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CO2 Flushing Triggers Paroxysmal Eruptions at Open Conduit Basaltic Volcanoes

  • Authors: Caricchi L.; Montagna C.P.; Aiuppa A.; Nogueira Lages J.; Tamburello G.; Papale P.
  • Publication year: 2024
  • Type: Articolo in rivista
  • OA Link:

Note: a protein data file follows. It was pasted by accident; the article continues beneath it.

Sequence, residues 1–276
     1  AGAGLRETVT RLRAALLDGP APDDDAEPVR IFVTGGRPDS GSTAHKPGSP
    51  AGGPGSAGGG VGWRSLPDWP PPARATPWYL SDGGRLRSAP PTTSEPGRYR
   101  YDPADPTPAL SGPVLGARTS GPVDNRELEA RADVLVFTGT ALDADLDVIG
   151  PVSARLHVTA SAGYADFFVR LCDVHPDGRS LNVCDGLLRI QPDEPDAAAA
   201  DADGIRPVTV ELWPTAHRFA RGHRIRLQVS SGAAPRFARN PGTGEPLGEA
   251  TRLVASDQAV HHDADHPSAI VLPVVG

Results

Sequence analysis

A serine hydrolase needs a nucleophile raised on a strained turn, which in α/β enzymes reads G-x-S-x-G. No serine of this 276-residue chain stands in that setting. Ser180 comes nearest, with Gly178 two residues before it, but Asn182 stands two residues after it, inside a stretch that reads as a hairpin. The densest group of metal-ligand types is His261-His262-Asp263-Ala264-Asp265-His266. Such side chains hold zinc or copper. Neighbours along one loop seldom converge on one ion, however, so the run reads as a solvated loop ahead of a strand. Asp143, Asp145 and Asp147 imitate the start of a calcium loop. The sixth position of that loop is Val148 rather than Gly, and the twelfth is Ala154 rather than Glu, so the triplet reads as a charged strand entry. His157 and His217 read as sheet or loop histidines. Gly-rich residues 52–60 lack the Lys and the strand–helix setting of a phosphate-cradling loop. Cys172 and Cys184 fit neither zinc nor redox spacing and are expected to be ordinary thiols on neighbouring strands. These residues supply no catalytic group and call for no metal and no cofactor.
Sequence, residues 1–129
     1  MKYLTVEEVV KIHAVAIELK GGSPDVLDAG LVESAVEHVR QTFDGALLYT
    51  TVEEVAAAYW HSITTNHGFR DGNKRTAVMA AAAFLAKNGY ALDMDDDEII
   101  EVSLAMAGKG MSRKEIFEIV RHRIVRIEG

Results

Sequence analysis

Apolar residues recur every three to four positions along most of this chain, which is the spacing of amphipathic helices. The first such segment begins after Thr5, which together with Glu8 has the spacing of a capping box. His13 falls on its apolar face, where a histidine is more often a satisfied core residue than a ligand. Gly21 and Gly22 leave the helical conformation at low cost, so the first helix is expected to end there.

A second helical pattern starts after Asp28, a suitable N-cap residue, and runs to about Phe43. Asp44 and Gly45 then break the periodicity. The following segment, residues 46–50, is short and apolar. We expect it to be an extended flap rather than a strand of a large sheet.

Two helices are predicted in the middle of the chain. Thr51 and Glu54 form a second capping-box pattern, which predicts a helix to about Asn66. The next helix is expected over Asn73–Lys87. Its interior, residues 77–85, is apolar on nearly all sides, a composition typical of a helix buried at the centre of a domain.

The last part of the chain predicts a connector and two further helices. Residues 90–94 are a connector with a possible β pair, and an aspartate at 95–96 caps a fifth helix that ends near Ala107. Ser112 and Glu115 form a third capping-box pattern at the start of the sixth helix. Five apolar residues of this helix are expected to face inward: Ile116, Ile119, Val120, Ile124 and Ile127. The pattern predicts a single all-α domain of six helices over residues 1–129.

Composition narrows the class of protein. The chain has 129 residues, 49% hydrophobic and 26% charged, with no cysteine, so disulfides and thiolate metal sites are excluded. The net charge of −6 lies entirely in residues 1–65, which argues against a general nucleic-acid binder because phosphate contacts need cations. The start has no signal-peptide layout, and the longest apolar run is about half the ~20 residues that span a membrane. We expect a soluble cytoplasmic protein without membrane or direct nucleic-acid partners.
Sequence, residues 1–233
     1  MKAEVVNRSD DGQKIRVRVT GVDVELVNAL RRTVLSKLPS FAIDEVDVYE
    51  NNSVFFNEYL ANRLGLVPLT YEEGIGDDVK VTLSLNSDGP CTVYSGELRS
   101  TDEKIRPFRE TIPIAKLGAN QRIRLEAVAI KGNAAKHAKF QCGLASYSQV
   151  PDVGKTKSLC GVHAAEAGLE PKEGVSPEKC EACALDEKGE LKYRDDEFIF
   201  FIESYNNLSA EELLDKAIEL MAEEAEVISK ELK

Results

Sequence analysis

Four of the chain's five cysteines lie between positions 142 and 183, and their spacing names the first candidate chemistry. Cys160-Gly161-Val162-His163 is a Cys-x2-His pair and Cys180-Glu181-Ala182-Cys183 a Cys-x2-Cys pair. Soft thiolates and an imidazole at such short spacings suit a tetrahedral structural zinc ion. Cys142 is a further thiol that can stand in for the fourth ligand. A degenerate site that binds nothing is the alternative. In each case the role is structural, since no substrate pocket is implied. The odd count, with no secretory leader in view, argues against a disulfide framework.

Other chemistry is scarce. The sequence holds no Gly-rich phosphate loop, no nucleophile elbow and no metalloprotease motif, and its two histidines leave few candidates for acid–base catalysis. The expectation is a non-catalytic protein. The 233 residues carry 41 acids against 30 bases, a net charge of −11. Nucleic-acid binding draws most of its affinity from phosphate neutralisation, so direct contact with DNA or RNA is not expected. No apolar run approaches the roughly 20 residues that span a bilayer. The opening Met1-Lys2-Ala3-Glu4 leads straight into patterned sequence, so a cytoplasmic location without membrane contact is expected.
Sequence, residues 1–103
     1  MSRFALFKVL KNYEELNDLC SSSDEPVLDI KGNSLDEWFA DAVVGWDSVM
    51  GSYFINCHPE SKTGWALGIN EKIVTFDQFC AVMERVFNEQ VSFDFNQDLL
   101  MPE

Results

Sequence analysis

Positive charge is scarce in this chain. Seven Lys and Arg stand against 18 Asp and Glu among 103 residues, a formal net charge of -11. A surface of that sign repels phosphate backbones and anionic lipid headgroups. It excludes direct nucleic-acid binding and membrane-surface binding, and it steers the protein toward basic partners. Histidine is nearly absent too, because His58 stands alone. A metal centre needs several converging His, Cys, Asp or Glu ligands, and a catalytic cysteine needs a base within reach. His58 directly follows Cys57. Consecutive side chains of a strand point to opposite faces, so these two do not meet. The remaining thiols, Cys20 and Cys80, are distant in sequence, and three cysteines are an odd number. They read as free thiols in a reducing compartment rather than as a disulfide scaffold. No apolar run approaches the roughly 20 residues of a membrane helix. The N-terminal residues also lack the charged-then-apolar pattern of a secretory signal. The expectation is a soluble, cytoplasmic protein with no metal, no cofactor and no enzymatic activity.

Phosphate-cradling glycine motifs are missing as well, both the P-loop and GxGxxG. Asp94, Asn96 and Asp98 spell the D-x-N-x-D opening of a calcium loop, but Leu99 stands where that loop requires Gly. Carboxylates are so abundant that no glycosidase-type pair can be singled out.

Open conduit volcanoes erupt with the highest frequency on Earth. Their activity is characterized by an outgassing flux that largely exceeds the gas that could be released by the erupted magma; and by frequent small explosions intercalated by larger events that pose a significant risk to locals, tourists, and scientists. Thus, identifying the signs of an impending larger explosion is of utmost importance for the mitigation of volcanic hazard. Larger explosive events have been associated with the sudden ascent of volatile rich magmas, however, where and why magma accumulates within the plumbing system remains unclear. Here we show that the interaction between CO2-rich fluids and magma spontaneously leads to the accumulation of volatile-rich, low density and gravitationally unstable magma at depth, without the requirement of permeability barriers. CO2-flushing forces the exsolution of water and the increase of magma viscosity, which proceeds from the bottom of the magma column upward. This rheological configuration unavoidably leads to the progressive thickening of a gas-rich and low density (i.e., gravitationally unstable) layer at the bottom of the feeding system. Our calculations account for observations, gas monitoring and petrological data; moreover, they provide a basis to trace the approach to deeply triggered large or paroxysmal eruptions and estimate their size from monitoring data. Our model is finally applied to Stromboli volcano, an emblematic example of open conduit volcano, but can be applied to any other open conduit volcano globally and offers a framework to anticipate the occurrence of unexpectedly large eruptions.